Please activate JavaScript!
Please install Adobe Flash Player, click here for download

uni'wissen 02(4)-2011_ENG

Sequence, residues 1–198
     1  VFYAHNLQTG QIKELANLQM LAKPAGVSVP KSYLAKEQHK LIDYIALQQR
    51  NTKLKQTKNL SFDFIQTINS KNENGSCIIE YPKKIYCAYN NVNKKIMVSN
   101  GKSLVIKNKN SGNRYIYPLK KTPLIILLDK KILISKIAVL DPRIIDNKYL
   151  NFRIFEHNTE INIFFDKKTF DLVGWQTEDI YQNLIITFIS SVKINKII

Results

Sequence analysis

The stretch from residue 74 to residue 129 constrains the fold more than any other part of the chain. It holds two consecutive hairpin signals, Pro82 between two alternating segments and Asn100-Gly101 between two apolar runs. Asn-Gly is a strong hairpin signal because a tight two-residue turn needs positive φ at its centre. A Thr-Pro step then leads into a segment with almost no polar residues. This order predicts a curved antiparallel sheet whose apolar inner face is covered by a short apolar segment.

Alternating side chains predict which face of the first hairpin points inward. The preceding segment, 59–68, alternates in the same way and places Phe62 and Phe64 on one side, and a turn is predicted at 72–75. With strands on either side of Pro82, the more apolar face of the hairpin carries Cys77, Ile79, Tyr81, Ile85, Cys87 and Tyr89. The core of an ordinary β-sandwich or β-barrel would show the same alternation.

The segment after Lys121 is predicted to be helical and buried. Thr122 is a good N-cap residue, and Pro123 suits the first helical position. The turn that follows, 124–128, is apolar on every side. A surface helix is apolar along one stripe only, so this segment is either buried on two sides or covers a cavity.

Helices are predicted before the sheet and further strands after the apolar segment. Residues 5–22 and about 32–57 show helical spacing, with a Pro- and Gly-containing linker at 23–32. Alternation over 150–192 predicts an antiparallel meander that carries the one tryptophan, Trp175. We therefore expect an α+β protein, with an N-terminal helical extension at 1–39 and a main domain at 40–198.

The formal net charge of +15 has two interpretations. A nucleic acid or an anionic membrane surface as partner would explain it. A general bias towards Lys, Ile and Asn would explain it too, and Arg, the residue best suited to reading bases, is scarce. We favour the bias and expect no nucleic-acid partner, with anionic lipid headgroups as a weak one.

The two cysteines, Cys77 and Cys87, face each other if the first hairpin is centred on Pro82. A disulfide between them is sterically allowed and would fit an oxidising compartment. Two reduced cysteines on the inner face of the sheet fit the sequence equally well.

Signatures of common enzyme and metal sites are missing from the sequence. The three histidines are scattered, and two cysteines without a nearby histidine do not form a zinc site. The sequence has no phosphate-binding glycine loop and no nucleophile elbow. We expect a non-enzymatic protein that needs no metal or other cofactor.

Dr. Patrick Ruther is a research assistant at the Laboratory for Micro- system Materials. He ­studied physics at the ­University of Constance and earned his doctorate in mechanical engineering in Karlsruhe. He served as technological coordinator of the European Union- funded project Neuro- Probes and has continued this research focus at the Laboratory for Microsystem Materials since the project ended. Besides neural tools, he works with new production techniques for microsystems and ­sensors that can measure force and torque. Prof. Dr. Oliver Paul is professor for materials of microsystems engineering at the Faculty of Engineer- ing of the University of Freiburg. He studied phys- ics at the ETH Zurich, where he earned his doc- torate with a dissertation on surface magnetism. ­Following stations at the Fraunhofer Institute for ­Solar Energy Systems and the ETH Zurich, where he worked on highly efficient silicon solar cells, silicon technology for microsys- tems engineering, and physical microsensor tech- nology, he was offered a chair at the Department of Microsystems Engineering (IMTEK) of the University of Freiburg in 1998. He served as academic dean of IMTEK from 1998 until 2002 and as director of the department from 2006 until 2008. He currently serves as academic director of ­IMTEK’s central technology center. Cambridge, for example, is using them to inves- tigate the development of addiction and impulsiv- ity. Scientists in Freiburg are studying how and where in the brain epilepsy develops. “We have to make measurements in different areas of the brain and adapt our probes to their dimensions,” says Paul. This can mean varying the amount and length of the shafts or the number of elec- trodes affixed to them. In the end, the suppliers cannot afford to be even a hair’s breadth off with their product. Along with the faculties of biology and medi- cine as well as the Department of Computer Sci- ence, the Department of Microsystems Engineer- ing is in the running for the second round of the Excellence Initiative with the research cluster “BrainLinks – BrainTools.” Oliver Paul and his col- leagues Prof. Dr. Wolfram Burgard and Prof. Dr. Ulrich Egert will function as the team coordina- tors. Their vision is to control nerve signals to the point where visual or aural prostheses, artificial limbs, or speaking aids can be made to communi- cate directly with the brain and perform more and more sophisticated tasks. Controlling machines with thoughts – that, as Oliver Paul admits, is a task that “will require close ethical supervision.” This nine-millimeter-long probe registers electric current between nerve cells with electrodes and passes the signals along the shaft on conductor paths. Image: IMTEK/Ruther. 7